• A bear-hug by a Wisconsin lineman on Quentin Thomas helped set up the Badger's final touchdown, allowing McEvoy to scramble from third-and-seven into fourth-and-one, which Andersen went for successfully.

  • The offensive line cleaned up a lot of mistakes in the second half, but it wasn't totally done struggling -- Jerald Hawkins would get pulled for a series for Evan Washington. Hawkins did get back in eventually though.

  • The fake punt -- love calling it to Beckwith, who was a high school quarterback. His vision as a runner was a big part of making the play work, making a cut to his right to a hole that Reid Ferguson had created with a cut block. Honestly, Wisconsin had the play relatively well defended, but LSU made enough blocks and Beckwith made the right move to pick up the yardage.

  • For all of Jennings' first-half struggles, he hit on 4/6 passes in the second half for 119 yards, including a couple of beauts: the 44-yarder to Dural, a high and outside rainbow that Dural could run to without breaking stride while still clearing the corner and safety; a third-and-seven rope to Diarse on a curl; and of course the big third-and-21 throw to Diarse. The two passes to Diarse were snapped off perfectly on time for him to catch and run. Yeah, some of the first-half overthrows were frustrating, but I also like that he was relatively careful with the ball. A lot of those passes were "if my guy can't get this nobody else will" type plays.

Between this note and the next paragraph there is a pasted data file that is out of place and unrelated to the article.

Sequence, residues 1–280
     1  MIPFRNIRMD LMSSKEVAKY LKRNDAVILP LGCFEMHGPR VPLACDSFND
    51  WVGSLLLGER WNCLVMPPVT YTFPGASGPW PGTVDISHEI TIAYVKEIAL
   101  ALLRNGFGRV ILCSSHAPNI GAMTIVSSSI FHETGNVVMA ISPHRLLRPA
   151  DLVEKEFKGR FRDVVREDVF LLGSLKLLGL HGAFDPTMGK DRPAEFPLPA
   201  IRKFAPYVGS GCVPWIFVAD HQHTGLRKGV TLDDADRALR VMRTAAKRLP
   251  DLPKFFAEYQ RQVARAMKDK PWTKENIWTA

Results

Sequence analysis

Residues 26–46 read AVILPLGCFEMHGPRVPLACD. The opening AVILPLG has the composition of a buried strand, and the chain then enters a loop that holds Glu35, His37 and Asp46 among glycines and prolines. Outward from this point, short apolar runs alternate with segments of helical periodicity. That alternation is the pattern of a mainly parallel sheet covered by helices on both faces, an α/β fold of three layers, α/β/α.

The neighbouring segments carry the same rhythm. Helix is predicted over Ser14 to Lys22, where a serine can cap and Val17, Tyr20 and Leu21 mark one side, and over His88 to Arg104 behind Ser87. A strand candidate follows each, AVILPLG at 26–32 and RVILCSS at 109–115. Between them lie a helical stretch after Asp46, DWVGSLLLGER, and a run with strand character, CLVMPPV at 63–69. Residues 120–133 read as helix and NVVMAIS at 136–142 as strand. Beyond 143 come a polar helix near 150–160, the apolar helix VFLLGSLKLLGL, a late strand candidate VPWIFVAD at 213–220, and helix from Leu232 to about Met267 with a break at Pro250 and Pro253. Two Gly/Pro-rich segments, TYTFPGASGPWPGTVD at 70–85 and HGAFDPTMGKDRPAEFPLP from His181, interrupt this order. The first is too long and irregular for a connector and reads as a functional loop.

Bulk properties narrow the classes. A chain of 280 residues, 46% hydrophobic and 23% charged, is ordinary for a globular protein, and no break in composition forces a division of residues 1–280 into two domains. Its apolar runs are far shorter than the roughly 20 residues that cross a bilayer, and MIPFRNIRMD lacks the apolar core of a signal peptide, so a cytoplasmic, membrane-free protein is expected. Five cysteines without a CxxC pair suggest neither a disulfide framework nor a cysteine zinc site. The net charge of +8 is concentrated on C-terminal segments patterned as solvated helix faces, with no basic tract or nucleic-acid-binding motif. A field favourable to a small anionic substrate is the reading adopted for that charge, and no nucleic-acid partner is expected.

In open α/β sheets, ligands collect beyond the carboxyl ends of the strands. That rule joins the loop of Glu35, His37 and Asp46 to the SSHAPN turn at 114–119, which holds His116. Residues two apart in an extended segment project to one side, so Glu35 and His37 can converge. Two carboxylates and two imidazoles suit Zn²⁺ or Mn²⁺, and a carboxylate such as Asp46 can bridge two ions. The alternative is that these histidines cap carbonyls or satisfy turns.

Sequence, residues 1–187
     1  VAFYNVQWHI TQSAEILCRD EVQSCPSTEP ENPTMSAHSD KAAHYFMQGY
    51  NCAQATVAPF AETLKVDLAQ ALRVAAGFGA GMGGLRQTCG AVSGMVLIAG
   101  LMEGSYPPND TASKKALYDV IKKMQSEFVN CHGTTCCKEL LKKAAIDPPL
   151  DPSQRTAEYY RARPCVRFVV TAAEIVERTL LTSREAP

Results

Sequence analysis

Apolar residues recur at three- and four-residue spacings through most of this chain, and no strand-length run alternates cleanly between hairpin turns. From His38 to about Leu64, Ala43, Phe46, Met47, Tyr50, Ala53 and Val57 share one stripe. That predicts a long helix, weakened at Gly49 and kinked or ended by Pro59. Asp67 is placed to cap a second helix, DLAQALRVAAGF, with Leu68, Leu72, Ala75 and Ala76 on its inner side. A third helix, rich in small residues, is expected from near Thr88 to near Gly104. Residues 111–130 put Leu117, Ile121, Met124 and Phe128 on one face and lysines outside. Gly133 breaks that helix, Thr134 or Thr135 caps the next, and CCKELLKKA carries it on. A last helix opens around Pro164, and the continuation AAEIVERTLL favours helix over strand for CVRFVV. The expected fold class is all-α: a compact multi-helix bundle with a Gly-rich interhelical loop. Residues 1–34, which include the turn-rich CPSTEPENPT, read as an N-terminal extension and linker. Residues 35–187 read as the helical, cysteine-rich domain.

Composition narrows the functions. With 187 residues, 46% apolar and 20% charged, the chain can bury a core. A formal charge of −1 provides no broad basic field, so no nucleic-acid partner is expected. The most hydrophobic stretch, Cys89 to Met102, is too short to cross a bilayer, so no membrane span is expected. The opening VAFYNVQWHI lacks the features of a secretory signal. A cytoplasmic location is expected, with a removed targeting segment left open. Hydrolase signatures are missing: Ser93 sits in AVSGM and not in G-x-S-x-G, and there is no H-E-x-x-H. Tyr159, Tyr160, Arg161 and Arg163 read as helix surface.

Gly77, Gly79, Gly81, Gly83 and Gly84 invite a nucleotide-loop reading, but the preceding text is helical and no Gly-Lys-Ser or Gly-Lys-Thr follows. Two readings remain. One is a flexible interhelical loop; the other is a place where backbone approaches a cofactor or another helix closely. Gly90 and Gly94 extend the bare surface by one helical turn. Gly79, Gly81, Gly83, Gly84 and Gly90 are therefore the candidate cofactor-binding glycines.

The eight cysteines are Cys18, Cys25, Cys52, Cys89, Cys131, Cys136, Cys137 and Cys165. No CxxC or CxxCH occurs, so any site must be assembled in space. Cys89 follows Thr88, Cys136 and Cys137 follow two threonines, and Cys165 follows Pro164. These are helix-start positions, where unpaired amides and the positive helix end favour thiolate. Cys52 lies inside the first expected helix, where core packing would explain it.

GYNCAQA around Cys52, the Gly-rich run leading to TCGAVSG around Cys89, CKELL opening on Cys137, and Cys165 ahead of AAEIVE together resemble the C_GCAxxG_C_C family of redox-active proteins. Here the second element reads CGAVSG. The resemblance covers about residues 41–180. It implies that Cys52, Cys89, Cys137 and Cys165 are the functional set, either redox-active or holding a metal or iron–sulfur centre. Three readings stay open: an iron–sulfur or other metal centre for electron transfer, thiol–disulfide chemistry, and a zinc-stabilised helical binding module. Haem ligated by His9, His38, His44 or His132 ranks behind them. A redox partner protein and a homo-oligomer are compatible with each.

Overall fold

• What's more, he made some really nice option reads, including a fantastic read on Hilliard's 17-yarder on third-and-six on the long drive after LSU had taken the lead. Jennings rode the mesh point a little extra long to draw in the second level, while Dillon Gordon and La'el Collins created a nice big running lane.

  • While Jennings' start, and the fact that this was still the opener, should definitely leave this competition open for a little while longer, he kept his composure and honestly, just kept playing within himself in the second half. You could see that he and the team had a sense of urgency while remaining calm. That's an invaluable quality in a quarterback that you really can't teach. Take for example, said third-and-21 in the fourth quarter. It would have been easy to try and force the ball downfield, but Jennings stuck with the open guy. Yeah, chances are that Diarse isn't going to always be able to turn a 9-yard curl route into a 35-yard touchdown often, but in that spot it was much more important to gain some yards and live to fight another day. Either you set up a manageable fourth-down situation that you can think about going for, or you get better field position for the punt.

  • Speaking of Hilliard, couldn't be more pleased to see the big senior running like he did as a freshman. Hilliard's weight loss was really reflected in the burst he showed.

  • I would be remiss if I didn't mention Diarse as well, who looked like a mini-Anquan Boldin running through Badger cornerbacks. He's definitely been the forgotten man in this receiving corps, so it will be interesting to see how he contributes this year. He was a good matchup versus Wisconsin, as both of their corners were in the 185-pound range, giving up a solid 25-30 pounds to the redshirt freshman from Monroe.

  • In closing, I'd like to make special note of the job Sean McDonough and Chris Spielman did calling this game. McDonough's always been a favorite of mine, understated and professional with a voice that hits the right notes at exciting moments. And Spielman's clinical without being too jargon, and does a great job of playing the jock role without beating you over the head with it.